8) Nothing beats paper and pencil. You’re in the dungeon. You’re about to attack a gang of orcs. Then the battery on your iPhone dies. Bummer. Lights out. Point being, sometimes your devices run out of juice. Bring a backup on any adventure. And remember that analog can be more reliable than digital. So don’t forget your graph paper.
9) Say what you mean, do what you say. You’re still in that dungeon. It’s still dark. “Do you have torches?” the Dungeon Master asks. “Uh, I think so,” you reply. “But you didn’t say you brought torches with you.” Whoops. You’re screwed. In D&D, as in actual human interactions, it’s important to both say things and do things. Make promises -- and act on them.
10) There’s always a chance. As a kid, I felt adulthood must be governed by some invisible rule book. In fact, there’s actually an “Intoxication Recovery Table” on page 83 of the “Dungeon Master’s Guide” to help you role-play drunkenness in D&D. But the truth is, life’s rules are more flexible and forgiving. Not every outcome can be preordained. The world is suffused with randomness. There’s always a chance to succeed. Roll a 20 and even the tiniest hobbit can slay a dragon.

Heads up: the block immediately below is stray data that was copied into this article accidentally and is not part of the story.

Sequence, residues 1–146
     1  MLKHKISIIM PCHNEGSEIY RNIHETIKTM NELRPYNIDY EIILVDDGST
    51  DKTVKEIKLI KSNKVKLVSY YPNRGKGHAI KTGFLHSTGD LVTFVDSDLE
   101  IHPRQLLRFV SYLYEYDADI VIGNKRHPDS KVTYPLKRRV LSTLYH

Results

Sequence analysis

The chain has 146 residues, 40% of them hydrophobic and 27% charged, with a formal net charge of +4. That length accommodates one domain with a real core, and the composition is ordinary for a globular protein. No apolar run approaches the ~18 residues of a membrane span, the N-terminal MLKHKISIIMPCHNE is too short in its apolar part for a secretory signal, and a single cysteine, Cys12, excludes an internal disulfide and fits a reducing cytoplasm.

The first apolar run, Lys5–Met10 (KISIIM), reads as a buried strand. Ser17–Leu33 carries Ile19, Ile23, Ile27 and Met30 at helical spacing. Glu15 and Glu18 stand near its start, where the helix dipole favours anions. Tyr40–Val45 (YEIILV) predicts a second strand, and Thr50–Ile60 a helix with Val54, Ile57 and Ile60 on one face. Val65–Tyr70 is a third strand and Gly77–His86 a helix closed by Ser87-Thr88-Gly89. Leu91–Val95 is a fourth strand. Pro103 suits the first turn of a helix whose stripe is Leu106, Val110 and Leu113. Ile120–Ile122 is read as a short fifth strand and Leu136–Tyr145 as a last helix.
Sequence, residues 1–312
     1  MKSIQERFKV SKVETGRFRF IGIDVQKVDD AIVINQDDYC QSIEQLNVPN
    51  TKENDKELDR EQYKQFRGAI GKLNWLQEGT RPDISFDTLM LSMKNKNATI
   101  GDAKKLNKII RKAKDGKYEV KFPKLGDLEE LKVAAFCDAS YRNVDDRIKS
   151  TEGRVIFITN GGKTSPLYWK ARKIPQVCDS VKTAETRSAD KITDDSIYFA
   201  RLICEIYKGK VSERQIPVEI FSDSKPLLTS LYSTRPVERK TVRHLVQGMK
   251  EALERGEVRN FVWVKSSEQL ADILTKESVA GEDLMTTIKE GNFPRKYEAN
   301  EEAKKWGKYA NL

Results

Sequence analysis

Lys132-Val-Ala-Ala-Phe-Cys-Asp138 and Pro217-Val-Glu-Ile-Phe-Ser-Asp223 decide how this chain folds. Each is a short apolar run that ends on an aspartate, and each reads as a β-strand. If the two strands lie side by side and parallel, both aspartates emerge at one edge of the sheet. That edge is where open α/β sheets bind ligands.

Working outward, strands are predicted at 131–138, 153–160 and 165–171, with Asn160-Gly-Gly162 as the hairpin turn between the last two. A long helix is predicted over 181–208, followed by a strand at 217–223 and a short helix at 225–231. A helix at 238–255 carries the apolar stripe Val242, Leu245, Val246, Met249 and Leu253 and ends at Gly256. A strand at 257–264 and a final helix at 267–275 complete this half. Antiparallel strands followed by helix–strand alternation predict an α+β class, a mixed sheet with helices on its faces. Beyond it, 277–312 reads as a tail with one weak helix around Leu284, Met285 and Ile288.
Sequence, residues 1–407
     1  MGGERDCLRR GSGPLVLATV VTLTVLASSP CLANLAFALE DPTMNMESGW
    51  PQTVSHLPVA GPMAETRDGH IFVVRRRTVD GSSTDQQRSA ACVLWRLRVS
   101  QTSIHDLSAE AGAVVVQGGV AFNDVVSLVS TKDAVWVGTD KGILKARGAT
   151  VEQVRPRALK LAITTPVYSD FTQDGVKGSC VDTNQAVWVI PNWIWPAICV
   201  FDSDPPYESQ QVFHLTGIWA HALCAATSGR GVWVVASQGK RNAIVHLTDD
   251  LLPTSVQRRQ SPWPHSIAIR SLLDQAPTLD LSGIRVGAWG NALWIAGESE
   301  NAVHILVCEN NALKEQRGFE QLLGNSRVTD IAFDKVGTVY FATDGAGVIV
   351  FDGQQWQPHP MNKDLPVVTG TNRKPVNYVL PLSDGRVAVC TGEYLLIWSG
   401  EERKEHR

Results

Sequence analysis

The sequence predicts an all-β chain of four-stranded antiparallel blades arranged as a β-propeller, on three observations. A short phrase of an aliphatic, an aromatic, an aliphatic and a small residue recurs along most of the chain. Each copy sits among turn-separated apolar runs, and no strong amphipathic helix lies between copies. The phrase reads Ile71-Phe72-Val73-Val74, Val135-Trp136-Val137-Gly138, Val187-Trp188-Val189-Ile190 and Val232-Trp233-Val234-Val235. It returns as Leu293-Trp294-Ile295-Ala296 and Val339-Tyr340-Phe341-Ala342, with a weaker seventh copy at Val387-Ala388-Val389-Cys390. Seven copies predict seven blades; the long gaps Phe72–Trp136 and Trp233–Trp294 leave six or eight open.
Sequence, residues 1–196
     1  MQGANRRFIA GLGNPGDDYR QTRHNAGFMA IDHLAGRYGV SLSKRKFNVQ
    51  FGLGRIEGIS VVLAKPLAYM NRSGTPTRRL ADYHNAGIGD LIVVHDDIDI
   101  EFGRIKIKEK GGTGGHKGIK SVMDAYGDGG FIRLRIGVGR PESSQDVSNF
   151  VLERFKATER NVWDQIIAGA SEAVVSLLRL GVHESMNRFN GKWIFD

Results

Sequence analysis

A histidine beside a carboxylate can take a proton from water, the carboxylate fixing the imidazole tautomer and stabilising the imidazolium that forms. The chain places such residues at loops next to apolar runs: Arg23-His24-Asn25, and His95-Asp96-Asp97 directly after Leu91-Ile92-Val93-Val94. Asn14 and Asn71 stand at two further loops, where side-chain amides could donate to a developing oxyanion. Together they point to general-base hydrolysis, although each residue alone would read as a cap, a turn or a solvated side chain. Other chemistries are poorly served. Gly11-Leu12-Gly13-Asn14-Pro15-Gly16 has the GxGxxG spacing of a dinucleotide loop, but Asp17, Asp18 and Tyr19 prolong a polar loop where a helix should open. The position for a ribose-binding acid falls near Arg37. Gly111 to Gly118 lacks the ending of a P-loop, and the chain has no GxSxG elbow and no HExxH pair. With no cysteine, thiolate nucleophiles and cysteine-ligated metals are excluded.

11) Make up a new rule. “If something doesn’t work, get rid of it,” D&D’s other co-creator, Dave Arneson, once said. Out of frustration, or ego, experienced players will often ignore the rules they don’t care for and design their own for success. Same in Real Life: Don’t like that rule on page 127 of the Husband’s Handbook? Write a new one. (As long as it’s not obnoxious, or hurtful, of course.) Look outside of the box. Or “Monster Manual.”
12) Never split the party. Dudes, this ain’t no horror movie. Keep each others’ backs. Don't go wandering off some passageway and get picked off by the baddy. Friends matter. Stick together, so you can tell your stories around the fire afterward.
13) Imagination is king. What if ... life were different? What if I had 18 strength and a magic flying horse and a fortress made of Cheetos (well, maybe not Cheetos)? If nothing else, D&D teaches you to imagine the other, the better, the possible. That’s forward-thinking aspiration. That’s hope. And we need hope.
14) You live by your story. Years ago in days of old, when magic filled the air, you lived by the sword. Perhaps. But more important, today you live by your story. And your character. Are you a victim? A hero? A scalawag? A shapeshifter? “Dungeons & Dragons is a game in which the continuing epic is the most meaningful portion,” Gygax wrote in his 1979 “Dungeon Master’s Guide.” “Player characters ... appreciate that they are in effect writing their own adventures and creating their own legends, not merely reliving those of someone else’s creation.”
The story you tell about yourself, and to others, matters. Make it a good one. Be a hero, not a chump.
Happy birthday, D&D. Welcome to your middle age.